Radical Wolfe: Iconic New Journalist Tom Wolfe gets the bio-doc treatment in a movie that’s “based on the Vanity Fair article by Michael Lewis.” Despite that name-dropping credit, there isn’t much of Lewis’s particular voice on display. There doesn’t need to be, really, since Wolfe’s groundbreaking career and inimitable personality are interesting enough. Director Richard Dewey leads us through the highlights, from the 1965 Esquire piece on NASCAR driver Junior Johnson that forever saved him from daily newspaper work to classics including The Electric Kool-Aid Acid Test, The Right Stuff, and The Bonfire of the Vanities.

The essay that gets the most attention, however, is the one that Wolfe himself called his favorite. Radical Chic came about when Wolfe secured an invitation to a benefit for the Black Panther Party held at the expansive apartment of conductor Leonard Bernstein and his wife. Skewering the pretensions of what would later be called ‘limousine liberals,’ Wolfe takes no prisoners and tolerates no hypocrisy. One wonders if he’ll make an appearance in Bradley Cooper’s upcoming Bernstein biopic, Maestro. (Kiggins Theatre, opens Friday.)

My Sailor, My Love: This Finnish-Irish co-production at first looks to be your typical story about a gruff, widowed curmudgeon (James Cosmo) who’s drawn out of his shell by a new woman in his life—in this case, the housekeeper (Brid Brennan) his daughter (Catherine Walker) has hired, against his wishes, to tend to the filthy little house he inhabits on the beautiful Irish coast. At first Howard wants nothing more than to be left alone to wistfully finger the buttons on his peacoat, but after driving housekeeper Annie away, he has a sudden change of heart and apologizes. Before long, senior love is in the air, and Howard bonds with Annie’s family, especially her two adorable granddaughters. This, however, isn’t what daughter Grace wanted, and her complicated emotional reaction is what elevates this otherwise simple and gauzy tale. (Bridgeport Village, Fox Tower, Salem Cinema, Liberty Theater in Camas; opens Friday.)

It Lives Inside: Getting an early jump on Halloween horror-movie season, this debut feature from director Bishal Dutta mines Hindu mythology for its scares. In a prosperous American suburb, teenaged Samidha (Megan Suri) lives with her parents, the family having moved to the U.S. from India for Dad’s job. Sami is thoroughly Americanized, which sits well with her father but not her mother, who chastises her for ignoring her cultural roots. Those warnings foreshadow the danger from a Pishacha, a soul- and flesh-devouring demon that Sami clumsily frees from the jar in which it had been trapped. In standard but well-executed fashion, the demon stalks Sami and the fellow teens she enlists to help her. There are a couple of well-staged set pieces, but the cultural novelty of It Lives Inside is its biggest attraction. And the subtle message that forgetting where you came from and assimilating too much can have deadly consequences feels more than a bit reactionary. (Multiple theaters, opens Friday)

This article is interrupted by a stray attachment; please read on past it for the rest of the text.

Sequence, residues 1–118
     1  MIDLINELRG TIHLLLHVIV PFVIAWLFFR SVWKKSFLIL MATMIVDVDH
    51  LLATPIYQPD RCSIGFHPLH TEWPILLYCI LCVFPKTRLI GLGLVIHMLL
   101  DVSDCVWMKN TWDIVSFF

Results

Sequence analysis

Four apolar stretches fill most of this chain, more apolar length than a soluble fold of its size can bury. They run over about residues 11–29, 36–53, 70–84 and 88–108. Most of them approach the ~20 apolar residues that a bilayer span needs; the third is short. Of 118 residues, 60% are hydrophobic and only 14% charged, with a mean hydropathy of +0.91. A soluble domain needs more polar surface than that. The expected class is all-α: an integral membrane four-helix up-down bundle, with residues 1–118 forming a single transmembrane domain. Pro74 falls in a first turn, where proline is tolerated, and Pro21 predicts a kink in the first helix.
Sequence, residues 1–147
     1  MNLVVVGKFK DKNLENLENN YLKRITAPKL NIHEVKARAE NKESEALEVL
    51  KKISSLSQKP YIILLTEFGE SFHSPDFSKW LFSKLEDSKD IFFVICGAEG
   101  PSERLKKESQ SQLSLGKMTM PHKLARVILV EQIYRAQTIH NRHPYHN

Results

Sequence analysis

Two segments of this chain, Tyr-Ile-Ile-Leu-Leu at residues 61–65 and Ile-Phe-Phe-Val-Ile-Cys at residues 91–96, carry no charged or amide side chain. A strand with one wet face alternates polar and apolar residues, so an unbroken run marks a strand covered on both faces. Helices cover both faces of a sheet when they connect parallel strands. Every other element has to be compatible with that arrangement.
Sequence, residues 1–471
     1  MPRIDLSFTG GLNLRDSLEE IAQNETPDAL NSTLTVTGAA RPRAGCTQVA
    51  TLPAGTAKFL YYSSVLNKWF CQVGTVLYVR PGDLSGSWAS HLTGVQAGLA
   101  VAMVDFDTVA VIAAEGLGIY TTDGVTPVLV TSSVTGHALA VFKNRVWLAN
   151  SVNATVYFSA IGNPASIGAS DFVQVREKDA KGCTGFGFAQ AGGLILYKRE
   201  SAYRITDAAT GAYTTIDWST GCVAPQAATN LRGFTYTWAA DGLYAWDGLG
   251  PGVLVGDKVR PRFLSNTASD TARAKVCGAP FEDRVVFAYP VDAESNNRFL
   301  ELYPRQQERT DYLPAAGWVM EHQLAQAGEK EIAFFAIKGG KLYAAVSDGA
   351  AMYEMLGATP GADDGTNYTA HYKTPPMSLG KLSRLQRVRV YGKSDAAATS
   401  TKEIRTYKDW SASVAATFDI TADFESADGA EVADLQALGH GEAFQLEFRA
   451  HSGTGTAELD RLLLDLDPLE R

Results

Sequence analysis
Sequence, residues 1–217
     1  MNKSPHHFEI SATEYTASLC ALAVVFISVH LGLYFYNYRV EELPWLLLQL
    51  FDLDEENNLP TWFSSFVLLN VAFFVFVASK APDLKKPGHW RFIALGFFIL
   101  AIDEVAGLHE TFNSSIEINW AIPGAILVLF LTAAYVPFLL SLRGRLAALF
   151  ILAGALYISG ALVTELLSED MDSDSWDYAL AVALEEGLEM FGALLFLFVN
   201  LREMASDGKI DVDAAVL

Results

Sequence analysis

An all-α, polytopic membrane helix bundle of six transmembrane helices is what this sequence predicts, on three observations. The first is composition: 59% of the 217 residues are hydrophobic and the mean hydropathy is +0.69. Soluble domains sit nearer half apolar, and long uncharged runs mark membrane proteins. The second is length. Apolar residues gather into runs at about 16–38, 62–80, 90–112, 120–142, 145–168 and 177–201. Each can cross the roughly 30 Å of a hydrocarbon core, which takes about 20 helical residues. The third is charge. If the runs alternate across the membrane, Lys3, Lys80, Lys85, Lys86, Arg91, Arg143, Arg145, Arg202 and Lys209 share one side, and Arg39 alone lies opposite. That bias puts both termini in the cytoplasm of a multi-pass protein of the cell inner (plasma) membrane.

The Attachment Diaries: Well, here’s something you don’t see every day. This twisted Argentine import is set during that country’s 1970s military dictatorship, when abortion was completely forbidden and thousands disappeared in what’s known as the Dirty War. Against this backdrop, a desperate woman named Carla (Jimena Anganuzzi) arrives on the doorstep of Irina (Lola Berthet), a doctor who provides illegal abortions. After determining that Carla’s pregnancy is too advanced for that, she offers her a deal: Carla can stay at the office until she gives birth, and can then sell the infant to a wealthy, infertile couple. What could go wrong? The stark, black-and-white cinematography and those slowly swooping camera moves surely don’t portend anything disturbing. Nothing some scalpel stabs, a vat of acid, and a lengthy, fairly explicit sex scene can’t solve, for sure. Twists aplenty (maybe one too many), plus the right straight-faced tone during all the insanity to come, make this a captivating, disturbing, and ultimately puzzling experience. (Cinema 21, Friday and Saturday)